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It's a change of generation at the '22

By Paul Goodman
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Some quick points about this evening's '22 result:

  • The elections were a clean sweep for the 301 Group - almost.  Of the nine 301 slate candidates for the executive listed on this site yesterday evening, only one wasn't elected (Adam Holloway).  It was pretty much a clean sweep.
  • But personal popularity counted above all.  For the two Secretary posts, the 301 took one and the No Turning Back (NTB)/Cornerstone ticket the other - Karen Bradley and Nick de Bois respectively.  Christopher Chope, the other candidate on the NTB ticket, uses the Commons chamber in an old-fashioned way, raising points of order that others don't and opposing business that others would let pass, and this hasn't endeared him to the 2010 intake.  Charlie Elphicke, the other candidate on the 301 slate, was left marooned by the personal popularity of Mr de Bois.
  • The results don't break comfortably down into party left or right.  The 301 was a mixed ticket. I would not myself place George Eustice, say, left-of-party centre.  Priti Patel, and out-and-ought right-winger, was on both slates.  Douglas Carswell points out that 11 of the 18 members of the new '22 voted for an EU referendum last year - against the Whip.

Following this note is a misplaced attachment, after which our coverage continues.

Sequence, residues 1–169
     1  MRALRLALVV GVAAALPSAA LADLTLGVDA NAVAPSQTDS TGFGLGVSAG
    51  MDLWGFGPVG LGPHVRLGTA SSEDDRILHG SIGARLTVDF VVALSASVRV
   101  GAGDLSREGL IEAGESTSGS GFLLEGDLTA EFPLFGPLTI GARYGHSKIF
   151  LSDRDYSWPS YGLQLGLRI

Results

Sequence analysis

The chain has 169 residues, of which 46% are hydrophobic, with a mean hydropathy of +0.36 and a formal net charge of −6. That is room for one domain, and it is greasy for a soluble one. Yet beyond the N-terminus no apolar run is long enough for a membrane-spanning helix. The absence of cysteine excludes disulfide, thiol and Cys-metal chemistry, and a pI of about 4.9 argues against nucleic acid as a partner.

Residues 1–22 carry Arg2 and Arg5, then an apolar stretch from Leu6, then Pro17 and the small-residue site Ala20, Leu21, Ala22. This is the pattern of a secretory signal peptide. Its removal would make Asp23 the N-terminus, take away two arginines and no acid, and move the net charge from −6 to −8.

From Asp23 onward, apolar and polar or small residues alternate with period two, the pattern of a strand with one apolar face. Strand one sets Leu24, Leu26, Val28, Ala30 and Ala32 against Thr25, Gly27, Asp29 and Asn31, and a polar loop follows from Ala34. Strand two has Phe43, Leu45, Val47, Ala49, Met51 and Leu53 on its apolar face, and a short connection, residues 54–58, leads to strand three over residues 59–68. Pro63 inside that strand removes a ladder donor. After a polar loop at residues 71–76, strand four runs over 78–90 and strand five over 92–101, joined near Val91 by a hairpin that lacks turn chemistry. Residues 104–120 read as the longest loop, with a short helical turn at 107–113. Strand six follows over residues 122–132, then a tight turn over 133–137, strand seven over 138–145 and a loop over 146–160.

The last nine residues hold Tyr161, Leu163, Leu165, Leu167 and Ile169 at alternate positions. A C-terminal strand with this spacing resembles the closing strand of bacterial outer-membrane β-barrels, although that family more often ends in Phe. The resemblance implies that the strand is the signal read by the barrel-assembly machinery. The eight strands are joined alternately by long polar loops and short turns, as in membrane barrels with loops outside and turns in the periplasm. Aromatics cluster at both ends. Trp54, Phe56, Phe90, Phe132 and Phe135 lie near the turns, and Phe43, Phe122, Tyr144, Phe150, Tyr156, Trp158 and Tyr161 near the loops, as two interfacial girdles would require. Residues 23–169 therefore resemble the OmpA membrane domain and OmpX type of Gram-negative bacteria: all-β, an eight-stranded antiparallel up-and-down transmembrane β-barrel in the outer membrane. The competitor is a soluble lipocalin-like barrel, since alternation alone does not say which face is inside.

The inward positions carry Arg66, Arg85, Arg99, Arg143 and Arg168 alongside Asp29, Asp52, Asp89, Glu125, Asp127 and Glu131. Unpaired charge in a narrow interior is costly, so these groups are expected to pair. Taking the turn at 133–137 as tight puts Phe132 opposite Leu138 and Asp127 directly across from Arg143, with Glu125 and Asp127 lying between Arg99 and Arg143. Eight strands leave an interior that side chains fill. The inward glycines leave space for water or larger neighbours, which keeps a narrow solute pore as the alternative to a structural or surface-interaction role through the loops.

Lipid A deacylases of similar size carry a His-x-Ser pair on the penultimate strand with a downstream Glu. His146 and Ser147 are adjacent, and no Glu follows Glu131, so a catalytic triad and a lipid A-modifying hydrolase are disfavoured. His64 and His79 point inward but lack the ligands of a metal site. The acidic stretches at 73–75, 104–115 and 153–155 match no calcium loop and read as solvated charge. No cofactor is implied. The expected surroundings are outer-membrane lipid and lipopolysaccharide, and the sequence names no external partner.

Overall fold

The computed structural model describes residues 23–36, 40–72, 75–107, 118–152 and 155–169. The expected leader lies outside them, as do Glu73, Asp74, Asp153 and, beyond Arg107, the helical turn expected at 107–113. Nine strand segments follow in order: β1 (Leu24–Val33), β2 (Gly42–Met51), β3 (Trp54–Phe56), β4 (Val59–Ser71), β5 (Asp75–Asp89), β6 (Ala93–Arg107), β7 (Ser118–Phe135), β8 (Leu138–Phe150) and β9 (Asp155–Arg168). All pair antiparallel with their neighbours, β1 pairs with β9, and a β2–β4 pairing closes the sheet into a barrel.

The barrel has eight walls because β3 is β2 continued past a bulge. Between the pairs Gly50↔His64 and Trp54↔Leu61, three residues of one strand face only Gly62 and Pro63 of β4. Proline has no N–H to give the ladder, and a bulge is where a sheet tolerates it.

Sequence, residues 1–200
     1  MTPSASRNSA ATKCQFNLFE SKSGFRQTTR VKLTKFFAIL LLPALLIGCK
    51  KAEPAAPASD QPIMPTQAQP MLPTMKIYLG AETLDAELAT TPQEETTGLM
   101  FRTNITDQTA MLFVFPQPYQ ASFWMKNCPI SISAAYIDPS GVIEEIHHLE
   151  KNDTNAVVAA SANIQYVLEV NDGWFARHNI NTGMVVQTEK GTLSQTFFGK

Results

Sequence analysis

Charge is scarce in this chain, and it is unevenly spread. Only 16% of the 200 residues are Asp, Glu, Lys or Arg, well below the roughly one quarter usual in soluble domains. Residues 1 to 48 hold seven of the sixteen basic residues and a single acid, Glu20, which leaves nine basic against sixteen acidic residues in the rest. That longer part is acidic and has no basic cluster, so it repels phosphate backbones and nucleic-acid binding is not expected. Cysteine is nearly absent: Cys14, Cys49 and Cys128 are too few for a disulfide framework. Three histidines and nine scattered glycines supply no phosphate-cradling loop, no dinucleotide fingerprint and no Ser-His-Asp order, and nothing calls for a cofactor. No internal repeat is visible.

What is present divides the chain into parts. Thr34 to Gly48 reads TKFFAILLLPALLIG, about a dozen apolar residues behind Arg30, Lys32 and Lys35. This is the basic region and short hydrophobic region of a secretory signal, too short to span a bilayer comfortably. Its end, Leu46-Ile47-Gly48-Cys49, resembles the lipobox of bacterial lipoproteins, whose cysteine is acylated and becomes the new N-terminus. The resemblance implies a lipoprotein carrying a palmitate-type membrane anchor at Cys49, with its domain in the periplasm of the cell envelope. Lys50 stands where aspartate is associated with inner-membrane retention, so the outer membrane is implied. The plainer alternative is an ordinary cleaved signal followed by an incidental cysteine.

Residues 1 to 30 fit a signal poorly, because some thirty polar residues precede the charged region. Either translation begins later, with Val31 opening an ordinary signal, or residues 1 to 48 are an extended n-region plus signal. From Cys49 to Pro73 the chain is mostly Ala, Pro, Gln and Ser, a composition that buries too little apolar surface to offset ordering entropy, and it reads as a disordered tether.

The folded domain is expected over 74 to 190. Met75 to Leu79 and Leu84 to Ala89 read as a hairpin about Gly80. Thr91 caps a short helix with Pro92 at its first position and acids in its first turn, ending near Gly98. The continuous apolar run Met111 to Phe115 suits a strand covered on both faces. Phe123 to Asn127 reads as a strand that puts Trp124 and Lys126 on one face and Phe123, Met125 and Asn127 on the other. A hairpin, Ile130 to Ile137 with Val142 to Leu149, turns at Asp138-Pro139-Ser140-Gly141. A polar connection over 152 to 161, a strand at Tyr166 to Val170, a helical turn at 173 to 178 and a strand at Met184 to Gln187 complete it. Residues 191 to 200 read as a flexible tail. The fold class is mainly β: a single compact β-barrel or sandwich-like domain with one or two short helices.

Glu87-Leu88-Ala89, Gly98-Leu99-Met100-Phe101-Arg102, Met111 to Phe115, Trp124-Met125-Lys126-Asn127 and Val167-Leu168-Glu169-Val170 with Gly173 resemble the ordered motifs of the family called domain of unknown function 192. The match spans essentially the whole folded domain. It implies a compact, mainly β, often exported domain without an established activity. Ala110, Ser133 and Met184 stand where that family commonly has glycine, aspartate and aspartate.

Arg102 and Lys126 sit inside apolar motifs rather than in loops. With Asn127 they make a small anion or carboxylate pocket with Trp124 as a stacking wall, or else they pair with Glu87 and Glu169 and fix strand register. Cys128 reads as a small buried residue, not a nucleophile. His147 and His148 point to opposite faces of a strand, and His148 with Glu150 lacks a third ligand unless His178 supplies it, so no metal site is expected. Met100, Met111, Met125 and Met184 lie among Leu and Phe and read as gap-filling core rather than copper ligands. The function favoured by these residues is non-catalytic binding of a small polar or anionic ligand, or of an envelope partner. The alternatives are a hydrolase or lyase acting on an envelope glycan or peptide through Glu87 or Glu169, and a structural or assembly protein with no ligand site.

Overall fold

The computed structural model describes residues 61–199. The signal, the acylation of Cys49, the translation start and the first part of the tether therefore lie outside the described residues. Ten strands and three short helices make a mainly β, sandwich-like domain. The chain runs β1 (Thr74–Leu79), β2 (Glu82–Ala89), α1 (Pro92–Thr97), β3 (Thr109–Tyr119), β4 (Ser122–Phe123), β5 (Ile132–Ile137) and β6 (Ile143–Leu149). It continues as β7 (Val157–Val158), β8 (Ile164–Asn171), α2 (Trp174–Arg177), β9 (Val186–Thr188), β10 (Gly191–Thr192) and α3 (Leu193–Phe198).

• Glasses will be raised this evening to the winners in Downing Street and the Treasury...  Friends of both have spent much of the day strenuously denying that either interfered in these elections in any way whatsoever.  I am not altogether persuaded.  But there can be no doubt that David Cameron and George Osborne won't be displeased to see the back of those that their friends style "the wreckers".  Mr Cameron failed to abolish the '22 at the start of the Parliament.  Now he will have one more to his taste - although, as Mr Carswell reminds us, the new committee won't be patsies or pushovers.
  • ...But the losers will brood.  Some of those who weren't re-elected - or elected at all - may feel that they now have nothing to lose in criticising the Government very strongly indeed.  Their critics would say that they do so anyway.  It's worth noting that both Peter Bone and Philip Hollobone, high-register rebels, weren't re-elected to the backbench business committee.
  • Above all, these elections mark a generational shift within the Parliamentary Party - which offers both gains and risks.  Of those MPs elected today, only one - Bernard Jenkin - didn't enter Parliament in 2010.  The new '22 will be eager, enthusiastic, reforming, full of ideas.  It will also be inexperienced - and doubtless sometimes find itself re-inventing the wheel.  It would be dangerous for a gulf to open up between the pre-2010 and post-2010 generations of Tory MPs.  Graham Brady, John Whittingdale and Brian Binley - more experienced MPs and senior '22 MPs all - have work on their hands.


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